Heat also can be used to help prevent browning. For example, syrup blanching and steam blanching can be effective in maintaining the quality of fruit during the drying process.

Fruit leathers are fun to make with kids. You can start with apple sauce with a little cinnamon to make your own sweet treat at a low cost. Berry leather is another tasty treat that is fun to make with kids. Although ovens at low temperatures for long periods of time can be used to dehydrate foods, food dehydrators are a safer option when working with children.

The following fruits were rated as “excellent” or “good” by the University of Georgia for preparing fruit leather: apples, apricots, berries, cherries, nectarines, peaches, pears, pineapple, plums and strawberries. Other fruits (blueberries, cranberries) in combination can provide a good end product, too.

Visit https://www.ag.ndsu.edu/food for three fact sheets about drying food. Click on “Food Preservation” then “Drying” to access the information.

Here’s a recipe from the National Center for Home Food Preservation. Drying fruit leather works best in a food dehydrator, but an oven can be used as directed in the recipe. Pumpkin is high in beta-carotene, which our bodies convert to vitamin A.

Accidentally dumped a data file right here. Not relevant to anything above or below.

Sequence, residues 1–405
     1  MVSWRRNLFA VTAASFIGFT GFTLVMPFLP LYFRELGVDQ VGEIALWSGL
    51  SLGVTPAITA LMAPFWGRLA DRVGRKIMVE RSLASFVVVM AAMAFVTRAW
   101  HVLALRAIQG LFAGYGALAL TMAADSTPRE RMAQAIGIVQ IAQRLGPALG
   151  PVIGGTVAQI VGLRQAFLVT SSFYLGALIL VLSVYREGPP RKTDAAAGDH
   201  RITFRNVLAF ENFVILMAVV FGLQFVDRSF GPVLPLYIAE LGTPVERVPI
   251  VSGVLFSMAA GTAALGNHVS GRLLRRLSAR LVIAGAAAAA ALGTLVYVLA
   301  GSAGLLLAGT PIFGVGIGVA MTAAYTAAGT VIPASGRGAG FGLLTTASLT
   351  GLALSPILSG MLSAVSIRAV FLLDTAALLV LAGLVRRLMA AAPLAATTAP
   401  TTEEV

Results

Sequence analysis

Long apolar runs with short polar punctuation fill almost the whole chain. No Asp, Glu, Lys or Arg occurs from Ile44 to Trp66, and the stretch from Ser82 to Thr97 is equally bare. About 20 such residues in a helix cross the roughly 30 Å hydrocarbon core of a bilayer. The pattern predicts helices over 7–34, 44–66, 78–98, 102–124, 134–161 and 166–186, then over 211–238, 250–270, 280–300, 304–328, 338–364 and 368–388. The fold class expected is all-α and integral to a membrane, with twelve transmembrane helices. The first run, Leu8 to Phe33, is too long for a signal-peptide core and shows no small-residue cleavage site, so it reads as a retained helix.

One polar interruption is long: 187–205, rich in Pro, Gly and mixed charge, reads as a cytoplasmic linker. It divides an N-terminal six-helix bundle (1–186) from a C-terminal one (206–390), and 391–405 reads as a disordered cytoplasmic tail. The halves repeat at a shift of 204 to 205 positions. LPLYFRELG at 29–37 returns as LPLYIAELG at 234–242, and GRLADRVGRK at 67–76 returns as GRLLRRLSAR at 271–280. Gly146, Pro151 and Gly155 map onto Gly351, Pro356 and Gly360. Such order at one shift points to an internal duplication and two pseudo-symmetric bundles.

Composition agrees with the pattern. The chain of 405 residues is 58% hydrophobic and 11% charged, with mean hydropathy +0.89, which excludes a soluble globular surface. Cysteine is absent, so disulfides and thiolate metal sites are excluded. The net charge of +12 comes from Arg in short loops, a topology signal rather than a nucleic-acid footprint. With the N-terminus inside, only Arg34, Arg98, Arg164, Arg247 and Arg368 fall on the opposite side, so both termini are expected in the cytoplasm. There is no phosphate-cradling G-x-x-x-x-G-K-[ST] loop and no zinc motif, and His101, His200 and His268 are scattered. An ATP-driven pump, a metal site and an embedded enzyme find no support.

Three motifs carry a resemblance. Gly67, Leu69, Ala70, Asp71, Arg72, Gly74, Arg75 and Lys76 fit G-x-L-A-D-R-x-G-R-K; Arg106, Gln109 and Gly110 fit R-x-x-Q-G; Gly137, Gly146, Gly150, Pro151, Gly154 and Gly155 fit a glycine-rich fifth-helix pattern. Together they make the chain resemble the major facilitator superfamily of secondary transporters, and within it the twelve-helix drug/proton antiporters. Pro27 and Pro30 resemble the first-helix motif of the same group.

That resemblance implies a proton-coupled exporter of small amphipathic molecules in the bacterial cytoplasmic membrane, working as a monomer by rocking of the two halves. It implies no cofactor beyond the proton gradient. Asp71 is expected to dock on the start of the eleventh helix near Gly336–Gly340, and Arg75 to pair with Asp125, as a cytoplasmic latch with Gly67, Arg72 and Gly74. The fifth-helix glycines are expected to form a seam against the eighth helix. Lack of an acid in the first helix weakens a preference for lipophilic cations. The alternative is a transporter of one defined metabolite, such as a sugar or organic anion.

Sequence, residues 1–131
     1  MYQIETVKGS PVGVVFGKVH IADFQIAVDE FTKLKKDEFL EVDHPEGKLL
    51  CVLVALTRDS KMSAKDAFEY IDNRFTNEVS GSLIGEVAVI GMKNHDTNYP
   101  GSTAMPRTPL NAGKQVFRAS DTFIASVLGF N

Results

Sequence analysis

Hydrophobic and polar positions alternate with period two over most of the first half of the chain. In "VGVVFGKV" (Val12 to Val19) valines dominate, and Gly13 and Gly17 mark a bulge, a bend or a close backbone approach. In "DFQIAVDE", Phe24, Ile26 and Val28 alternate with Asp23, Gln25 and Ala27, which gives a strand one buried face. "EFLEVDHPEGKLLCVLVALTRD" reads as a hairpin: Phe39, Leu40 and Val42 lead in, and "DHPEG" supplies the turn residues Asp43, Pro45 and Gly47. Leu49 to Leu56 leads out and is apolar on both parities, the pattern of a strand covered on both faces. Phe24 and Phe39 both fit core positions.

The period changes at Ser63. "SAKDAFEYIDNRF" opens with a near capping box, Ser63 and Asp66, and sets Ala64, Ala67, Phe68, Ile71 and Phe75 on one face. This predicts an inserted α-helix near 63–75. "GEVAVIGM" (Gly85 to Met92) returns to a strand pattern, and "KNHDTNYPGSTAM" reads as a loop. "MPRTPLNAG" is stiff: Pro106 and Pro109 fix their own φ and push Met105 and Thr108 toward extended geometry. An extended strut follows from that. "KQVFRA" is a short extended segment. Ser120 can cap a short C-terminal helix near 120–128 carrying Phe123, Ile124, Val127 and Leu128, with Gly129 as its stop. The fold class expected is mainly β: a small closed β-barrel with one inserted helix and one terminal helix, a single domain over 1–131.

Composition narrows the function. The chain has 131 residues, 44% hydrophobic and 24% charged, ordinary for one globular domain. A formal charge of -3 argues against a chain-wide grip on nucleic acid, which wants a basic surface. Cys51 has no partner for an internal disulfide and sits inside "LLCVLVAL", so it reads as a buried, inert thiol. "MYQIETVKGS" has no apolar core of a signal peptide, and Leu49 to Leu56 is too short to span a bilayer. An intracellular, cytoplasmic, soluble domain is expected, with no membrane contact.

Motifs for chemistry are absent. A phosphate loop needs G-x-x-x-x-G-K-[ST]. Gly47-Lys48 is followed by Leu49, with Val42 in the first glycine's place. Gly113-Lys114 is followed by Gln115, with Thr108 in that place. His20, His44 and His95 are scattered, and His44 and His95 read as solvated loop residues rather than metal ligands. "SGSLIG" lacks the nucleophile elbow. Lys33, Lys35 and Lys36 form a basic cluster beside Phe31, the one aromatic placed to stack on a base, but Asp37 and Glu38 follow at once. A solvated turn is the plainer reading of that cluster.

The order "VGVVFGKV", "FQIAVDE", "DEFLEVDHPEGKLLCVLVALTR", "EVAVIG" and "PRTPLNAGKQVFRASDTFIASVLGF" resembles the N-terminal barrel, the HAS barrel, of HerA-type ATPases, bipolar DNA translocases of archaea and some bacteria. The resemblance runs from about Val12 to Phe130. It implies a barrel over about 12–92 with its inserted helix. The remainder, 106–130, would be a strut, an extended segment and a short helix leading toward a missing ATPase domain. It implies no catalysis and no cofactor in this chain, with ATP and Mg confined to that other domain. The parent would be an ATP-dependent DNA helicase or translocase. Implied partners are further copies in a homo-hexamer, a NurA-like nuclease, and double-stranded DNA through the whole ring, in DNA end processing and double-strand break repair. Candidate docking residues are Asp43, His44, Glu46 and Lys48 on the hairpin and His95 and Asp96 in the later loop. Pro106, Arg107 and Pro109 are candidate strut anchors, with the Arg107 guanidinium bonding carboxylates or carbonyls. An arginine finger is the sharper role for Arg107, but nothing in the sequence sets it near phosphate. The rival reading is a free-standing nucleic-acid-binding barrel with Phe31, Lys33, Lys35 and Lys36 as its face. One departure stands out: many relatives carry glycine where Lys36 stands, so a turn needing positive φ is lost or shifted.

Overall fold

This vitamin helps keep our skin healthy and helps prevent night blindness.

Pumpkin Leather

2 c. canned pumpkin (or 2 c. fresh pumpkin, cooked and pureed)

1/2 c. honey

1/4 tsp. cinnamon

1/8 tsp. nutmeg

1/8 tsp. ground cloves

Blend ingredients well. Spread 1/8 inch deep on trays with sides or cookie sheets with sides. Line the trays or cookie sheets with plastic wrap. Avoid getting the leather too close to the edge to avoid spilling. Dry at 140 F in a food dehydrator or in an oven. If you use your oven, check the settings to see if has a setting as low as 140 F. If your oven cannot be set this low, your food will cook instead of drying. For air circulation, leave the oven door open 2 to 6 inches.

Note: Oven drying may not be safe if you have young children or pets in the house. If you try it, be sure that children and pets are kept away from the oven.

Test for dryness by touching the center of the leather. Fruit leather will take up to eight hours to dry in a food dehydrator or up to 18 hours to dry in a low-heat oven. While warm, peel the fruit leather from the plastic and roll. Allow the roll to cool and rewrap the roll in plastic. If desired, use cookie cutters to cut into appealing shapes for children. Wrap in plastic. The leather will keep up to one month at room temperature or up to one year if wrapped in freezer wrap or plastic freezer bags.

Makes eight servings. Each serving has 90 calories, 0 grams (g) fat, 22 g carbohydrate, less than 1 g protein, 2 g fiber and more than a full day’s recommendation for vitamin A (as beta-carotene).

(Julie Garden-Robinson, Ph.D., R.D., L.R.D., is a North Dakota State University Extension Service food and nutrition specialist and professor in the Department of Health, Nutrition and Exercise Sciences.)

NDSU Agriculture Communication - Oct. 29, 2015

Source:Julie Garden-Robinson, (701) 231-7187, julie.garden-robinson@ndsu.edu
Editor:Ellen Crawford, (701) 231-5391, ellen.crawford@ndsu.edu